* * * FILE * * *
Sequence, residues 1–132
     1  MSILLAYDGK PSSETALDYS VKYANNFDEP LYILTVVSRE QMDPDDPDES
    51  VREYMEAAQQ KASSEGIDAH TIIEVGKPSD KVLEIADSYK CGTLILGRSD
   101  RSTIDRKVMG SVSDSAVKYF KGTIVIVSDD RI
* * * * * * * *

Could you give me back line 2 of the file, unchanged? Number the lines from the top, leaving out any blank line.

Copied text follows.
     1  MSILLAYDGK PSSETALDYS VKYANNFDEP LYILTVVSRE QMDPDDPDES